Fishing with my Dad is a line of memories that runs back all the way to my childhood. I didn’t have a deep relationship with him as an adult and we weren’t in the habit of having real heart-to-heart conversations, so time spent together on an activity like fishing was our bonding time. There were long gaps where we wouldn’t go fishing for years, but in the past few months I was lucky to share a few trips with Dad, including what turned out to be the very last one.
It was almost two years since Dad was first diagnosed with cancer, and though he suffered from various chemo side-effects he was able to lead a fairly normal life. He was also a very stubborn and private man who didn’t want to worry his children and so, when he arrived to pick me up on the morning of the trip, I didn’t realise how much his physical condition has deteriorated in just a week since I saw him last, and that it was the beginning of the end for Dad. Though I got an inkling that something was off when, instead of usual knocking on my door and coming in to say hello to my cat Charlie, Dad called me from his car parked just outside my apartment block to spare himself an extra effort of getting out and into the car.
We made our way to Sale, where Dad’s friends had pointed out a good fishing spot along the river bank. Unfortunately, some ambitious early birds took the coveted spot before us, which put Dad in a grumpy mood. There was nothing left to do but try to find a different location, with a good enough access to the water, so for a while we drove along the river, on a narrow track that I secretly doubted was actually meant for cars. After a few fails, we found a decent spot where the bank was clear enough, though it was still a tad too steep and the chairs Dad brought along had to be positioned carefully among the rocks. The fishing lines got easily caught in the trees above, and you had to watch out for the treacherous branches in the water.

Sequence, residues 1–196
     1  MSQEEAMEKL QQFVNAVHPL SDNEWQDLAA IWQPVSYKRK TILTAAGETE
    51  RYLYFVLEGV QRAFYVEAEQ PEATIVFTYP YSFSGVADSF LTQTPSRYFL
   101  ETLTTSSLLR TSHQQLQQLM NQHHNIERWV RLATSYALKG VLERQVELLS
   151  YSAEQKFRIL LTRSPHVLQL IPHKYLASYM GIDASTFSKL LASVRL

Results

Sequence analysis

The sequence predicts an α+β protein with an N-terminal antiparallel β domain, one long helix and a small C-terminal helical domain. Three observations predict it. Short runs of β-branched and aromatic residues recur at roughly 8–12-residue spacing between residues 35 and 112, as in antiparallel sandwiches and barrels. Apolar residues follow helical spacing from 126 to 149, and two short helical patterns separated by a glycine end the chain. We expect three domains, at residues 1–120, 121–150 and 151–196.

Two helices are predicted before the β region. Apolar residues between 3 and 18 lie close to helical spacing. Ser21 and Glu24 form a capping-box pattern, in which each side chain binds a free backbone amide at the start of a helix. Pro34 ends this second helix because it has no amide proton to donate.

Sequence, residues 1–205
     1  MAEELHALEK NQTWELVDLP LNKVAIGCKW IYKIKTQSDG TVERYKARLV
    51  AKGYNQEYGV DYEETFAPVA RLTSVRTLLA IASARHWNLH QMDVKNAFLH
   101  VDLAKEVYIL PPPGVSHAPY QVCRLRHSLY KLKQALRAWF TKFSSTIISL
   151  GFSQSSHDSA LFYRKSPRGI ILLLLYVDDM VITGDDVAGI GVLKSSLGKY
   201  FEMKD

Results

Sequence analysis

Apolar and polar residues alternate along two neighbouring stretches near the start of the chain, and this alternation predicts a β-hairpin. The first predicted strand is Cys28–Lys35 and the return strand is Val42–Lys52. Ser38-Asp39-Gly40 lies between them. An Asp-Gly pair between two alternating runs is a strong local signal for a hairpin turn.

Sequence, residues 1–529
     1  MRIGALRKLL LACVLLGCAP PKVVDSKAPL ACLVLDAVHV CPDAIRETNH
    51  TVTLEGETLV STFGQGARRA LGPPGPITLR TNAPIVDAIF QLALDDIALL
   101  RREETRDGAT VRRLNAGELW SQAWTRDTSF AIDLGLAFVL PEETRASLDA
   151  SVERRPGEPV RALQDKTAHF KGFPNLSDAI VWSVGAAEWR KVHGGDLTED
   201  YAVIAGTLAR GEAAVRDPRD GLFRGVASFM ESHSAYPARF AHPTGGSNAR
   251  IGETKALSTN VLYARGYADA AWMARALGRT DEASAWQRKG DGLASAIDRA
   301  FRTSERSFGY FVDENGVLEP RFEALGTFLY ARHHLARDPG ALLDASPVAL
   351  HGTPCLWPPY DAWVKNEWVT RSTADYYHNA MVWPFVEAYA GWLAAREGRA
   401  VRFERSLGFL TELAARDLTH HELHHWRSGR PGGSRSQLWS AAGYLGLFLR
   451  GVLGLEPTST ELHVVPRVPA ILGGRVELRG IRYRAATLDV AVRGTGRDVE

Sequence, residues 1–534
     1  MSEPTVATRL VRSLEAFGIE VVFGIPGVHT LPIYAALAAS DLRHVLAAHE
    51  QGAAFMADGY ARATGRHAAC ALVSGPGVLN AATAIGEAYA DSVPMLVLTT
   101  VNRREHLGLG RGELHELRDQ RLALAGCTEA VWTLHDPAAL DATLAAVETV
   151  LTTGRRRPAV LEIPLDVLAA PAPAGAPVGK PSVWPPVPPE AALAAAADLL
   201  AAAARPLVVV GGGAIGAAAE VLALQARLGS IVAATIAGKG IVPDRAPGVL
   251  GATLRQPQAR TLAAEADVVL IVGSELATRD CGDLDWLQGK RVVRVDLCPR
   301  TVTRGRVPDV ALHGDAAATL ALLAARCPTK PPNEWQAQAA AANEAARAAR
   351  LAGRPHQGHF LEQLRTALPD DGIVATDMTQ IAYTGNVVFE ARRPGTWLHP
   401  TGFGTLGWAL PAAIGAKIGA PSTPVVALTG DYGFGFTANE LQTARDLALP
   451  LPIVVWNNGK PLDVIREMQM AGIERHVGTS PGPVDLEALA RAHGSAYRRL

Usually, Dad would insist on carrying almost everything out of the car and setting up the fishing rods all by himself, but on this day it quickly became clear that he’d need a lot of help. His loss of physical strength was hard to watch; after exerting himself early on he slipped and collapsed on the ground and nearly rolled off into the water. He spent the rest of the day mostly sitting on his chair, changing the bait and giving instructions.
At one point I even told Dad off for making the trip when he wasn’t really in a condition for a day out. But his desire for some fresh air was understandable. It was a truly lovely late spring day. In between the trees fringing our spot, the sky was blue and the river’s idyllic calm was only broken by an excursion boat lazily making its way up and down, with the guide’s commentary a distant mumble. So much nicer than Dad’s uncosy one-bedroom apartment that never really had an air of real home. Sitting in the shade, the world narrowed down to the bright speck of the float carried away by the current.
Anyone who commits to a day of fishing must accept the possibility that they’re going to spend a few hours watching the fishing float with no fish action whatsoever. For a while, it looked like we’d be going home empty-handed, but two hours later – oh miracle – the capricious carp finally began to bite, and I caught five fish in the space of maybe half an hour. I can honestly say that I caught the fish, since I had to cast the fishing rod and pull the fish out all by myself, for the first time ever. Both Dad and I were quite stoked with my hidden fishing skills and our change of luck instantly brightened up the day.
Though I had fretted about the trip, in hindsight I’m grateful to have this memory, one of the last good ones before cancer well and truly took over and made Dad’s life unrecognisable.